The Glue Studio explored architecture’s capacity to sponsor social change. Given the challenge of a world where so many things seem to be changing, including the way we live, eat, move, and communicate, it is a truism that change has emerged as the central rallying cry and coping mechanism du jour. If change points to the instance of something becoming different, it in no way guarantees change for the better or change for the common good. Paradoxically, the contemporary conviction that change is virtuous points to the corollary sentiment that things can’t get much worse. In light of the ascendant disciplinary concern with change and its underlying anxieties, the Glue Studio set out to understand both strategic and less instrumentalized applications of change as a design methodologies. Subsequently, the studio tested novel techniques to assess, predict, represent, and guide change in the urban environment, developing a critical, indeterminate and anticipatory approach to design as a management tool for rapid change and the vulnerabilities that it induces.
Now if things are changing at an unprecedented clip, it should come as no surprise that the disciplinary boundaries of architecture should be changing as well. Appropriately, the Glue Studio, liberating the architect from the role of dogmatic creator, positions design within a complex and contingent network of interested people (consultants, policy-makers, developers, industry specialists, residents, and activists). The resultant approach locates architecture as a possible urban strategy where the architect occupies a myriad of roles (designer, negotiator, manager, organizer, and sleuth). Playing the part of an allegorical “binding agent” between multiple constituents requires significant exploratory overhead as well as a commitment to collaborative processes.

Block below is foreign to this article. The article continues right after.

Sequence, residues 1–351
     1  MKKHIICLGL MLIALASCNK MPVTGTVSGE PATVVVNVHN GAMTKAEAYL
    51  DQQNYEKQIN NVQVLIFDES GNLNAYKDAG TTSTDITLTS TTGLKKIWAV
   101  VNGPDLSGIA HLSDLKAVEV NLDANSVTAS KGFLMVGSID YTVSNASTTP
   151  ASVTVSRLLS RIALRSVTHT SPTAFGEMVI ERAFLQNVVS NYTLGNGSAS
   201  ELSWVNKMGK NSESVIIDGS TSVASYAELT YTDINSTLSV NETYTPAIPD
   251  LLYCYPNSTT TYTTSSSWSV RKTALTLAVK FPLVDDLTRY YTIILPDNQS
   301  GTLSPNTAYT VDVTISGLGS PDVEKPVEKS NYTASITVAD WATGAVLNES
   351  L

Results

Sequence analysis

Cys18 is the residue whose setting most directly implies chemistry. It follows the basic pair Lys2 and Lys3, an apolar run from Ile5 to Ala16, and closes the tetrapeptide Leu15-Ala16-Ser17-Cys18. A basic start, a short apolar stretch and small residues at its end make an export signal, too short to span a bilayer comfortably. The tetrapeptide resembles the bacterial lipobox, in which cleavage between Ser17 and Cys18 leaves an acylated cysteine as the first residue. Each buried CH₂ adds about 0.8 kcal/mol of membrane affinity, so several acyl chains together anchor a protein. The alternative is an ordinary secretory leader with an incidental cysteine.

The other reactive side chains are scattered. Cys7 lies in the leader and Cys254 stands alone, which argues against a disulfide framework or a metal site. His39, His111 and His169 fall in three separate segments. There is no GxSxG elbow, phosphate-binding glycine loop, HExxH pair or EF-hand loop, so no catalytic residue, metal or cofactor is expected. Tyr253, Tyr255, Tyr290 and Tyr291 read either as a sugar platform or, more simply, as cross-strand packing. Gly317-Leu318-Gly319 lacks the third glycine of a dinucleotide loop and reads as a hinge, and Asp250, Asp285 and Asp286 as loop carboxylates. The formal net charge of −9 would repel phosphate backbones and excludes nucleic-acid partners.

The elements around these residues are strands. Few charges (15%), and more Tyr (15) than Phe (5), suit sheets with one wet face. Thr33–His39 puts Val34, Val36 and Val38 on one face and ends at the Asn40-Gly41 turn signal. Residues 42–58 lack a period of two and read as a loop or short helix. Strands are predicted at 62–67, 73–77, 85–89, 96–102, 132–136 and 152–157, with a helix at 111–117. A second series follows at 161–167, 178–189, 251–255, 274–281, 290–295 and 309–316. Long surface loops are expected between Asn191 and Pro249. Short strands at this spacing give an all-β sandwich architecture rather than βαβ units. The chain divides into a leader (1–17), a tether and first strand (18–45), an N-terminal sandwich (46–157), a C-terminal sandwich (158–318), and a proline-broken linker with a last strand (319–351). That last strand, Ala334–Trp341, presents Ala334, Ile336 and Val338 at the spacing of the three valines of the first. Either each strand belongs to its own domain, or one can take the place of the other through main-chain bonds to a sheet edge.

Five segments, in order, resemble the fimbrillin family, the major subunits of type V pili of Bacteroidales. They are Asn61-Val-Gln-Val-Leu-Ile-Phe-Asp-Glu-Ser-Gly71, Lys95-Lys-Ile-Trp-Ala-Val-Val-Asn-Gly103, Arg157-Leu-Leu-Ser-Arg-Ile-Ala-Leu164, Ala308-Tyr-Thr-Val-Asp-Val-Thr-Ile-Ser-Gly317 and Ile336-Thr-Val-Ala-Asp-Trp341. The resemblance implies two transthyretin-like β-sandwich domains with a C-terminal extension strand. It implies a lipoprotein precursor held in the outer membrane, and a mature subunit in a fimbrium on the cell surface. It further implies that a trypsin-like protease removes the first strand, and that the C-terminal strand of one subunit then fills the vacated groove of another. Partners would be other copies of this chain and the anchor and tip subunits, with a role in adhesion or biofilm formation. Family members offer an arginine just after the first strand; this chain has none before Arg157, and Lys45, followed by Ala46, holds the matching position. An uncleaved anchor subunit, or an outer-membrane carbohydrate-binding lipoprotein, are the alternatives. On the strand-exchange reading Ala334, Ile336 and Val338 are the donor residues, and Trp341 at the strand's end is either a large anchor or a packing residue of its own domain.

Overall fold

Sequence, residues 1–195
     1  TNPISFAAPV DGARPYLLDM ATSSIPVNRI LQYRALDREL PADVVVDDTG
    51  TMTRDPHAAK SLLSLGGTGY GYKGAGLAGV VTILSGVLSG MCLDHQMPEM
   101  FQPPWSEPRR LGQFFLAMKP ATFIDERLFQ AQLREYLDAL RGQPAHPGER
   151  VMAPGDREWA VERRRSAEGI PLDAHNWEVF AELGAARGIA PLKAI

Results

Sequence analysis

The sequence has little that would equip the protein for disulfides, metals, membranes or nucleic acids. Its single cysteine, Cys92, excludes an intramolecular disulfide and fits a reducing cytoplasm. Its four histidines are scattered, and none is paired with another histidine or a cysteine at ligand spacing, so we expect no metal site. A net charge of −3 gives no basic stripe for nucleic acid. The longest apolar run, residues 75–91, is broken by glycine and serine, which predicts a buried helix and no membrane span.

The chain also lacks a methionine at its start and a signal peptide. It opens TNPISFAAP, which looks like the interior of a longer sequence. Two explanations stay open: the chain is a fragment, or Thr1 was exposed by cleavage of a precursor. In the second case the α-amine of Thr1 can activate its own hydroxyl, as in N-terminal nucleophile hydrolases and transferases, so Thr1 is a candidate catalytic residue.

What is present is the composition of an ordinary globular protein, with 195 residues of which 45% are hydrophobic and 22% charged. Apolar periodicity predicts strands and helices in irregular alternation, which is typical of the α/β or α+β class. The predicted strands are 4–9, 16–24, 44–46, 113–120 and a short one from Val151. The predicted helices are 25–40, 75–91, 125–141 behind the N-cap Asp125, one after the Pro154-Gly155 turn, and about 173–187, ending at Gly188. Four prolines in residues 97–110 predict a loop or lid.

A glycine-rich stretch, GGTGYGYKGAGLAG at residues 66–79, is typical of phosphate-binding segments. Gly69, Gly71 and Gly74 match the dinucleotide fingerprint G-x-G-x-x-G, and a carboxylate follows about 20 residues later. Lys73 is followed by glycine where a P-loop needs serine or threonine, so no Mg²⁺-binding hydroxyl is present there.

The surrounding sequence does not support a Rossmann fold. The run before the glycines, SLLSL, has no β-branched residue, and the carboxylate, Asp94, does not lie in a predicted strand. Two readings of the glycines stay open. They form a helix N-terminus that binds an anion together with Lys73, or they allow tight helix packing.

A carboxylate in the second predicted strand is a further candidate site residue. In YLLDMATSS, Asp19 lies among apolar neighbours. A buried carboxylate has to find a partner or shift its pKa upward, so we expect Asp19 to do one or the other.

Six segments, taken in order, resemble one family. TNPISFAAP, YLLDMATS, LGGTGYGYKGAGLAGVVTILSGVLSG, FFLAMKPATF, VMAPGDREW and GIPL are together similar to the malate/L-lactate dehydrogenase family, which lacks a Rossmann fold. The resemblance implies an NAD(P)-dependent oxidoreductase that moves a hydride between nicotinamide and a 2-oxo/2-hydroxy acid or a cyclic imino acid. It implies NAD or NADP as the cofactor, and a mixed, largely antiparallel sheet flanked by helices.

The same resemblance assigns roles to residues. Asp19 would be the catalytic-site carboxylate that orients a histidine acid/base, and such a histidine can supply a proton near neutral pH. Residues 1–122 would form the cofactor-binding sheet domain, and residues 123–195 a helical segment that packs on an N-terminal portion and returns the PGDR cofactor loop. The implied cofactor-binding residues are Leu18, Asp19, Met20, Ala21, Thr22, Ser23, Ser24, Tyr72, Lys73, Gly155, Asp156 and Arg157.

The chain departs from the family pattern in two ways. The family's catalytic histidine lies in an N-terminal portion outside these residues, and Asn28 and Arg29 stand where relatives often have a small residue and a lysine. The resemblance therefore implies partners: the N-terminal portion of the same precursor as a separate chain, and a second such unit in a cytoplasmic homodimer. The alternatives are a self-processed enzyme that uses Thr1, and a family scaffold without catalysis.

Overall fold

The studio focused on the Nord-Pas-de-Calais region of France, and the results of the semester’s research were been submitted to the Lille Design for Change 2015 International Competition and Colloquium.
Lille, France, 2015
Faculty: Anya Sirota
Studio: Linnea Cook, Jay Dragon, Youngtack Oh, Andrew Davis, Alina Granville, Carol Nung, Charlie Gaidica, Laura Kiyokane, Martina Stoycheva
Award: Merit Award for Hound me, Fox you: a Guide to Counter Foxiness by Linnea Cook, Youngtack Oh, Andrew Davis
The studio was made possible through the support of Lille Design for Change, the University of Michigan Experiential Learning Fund and Taubman College of Architecture + Urban Planning.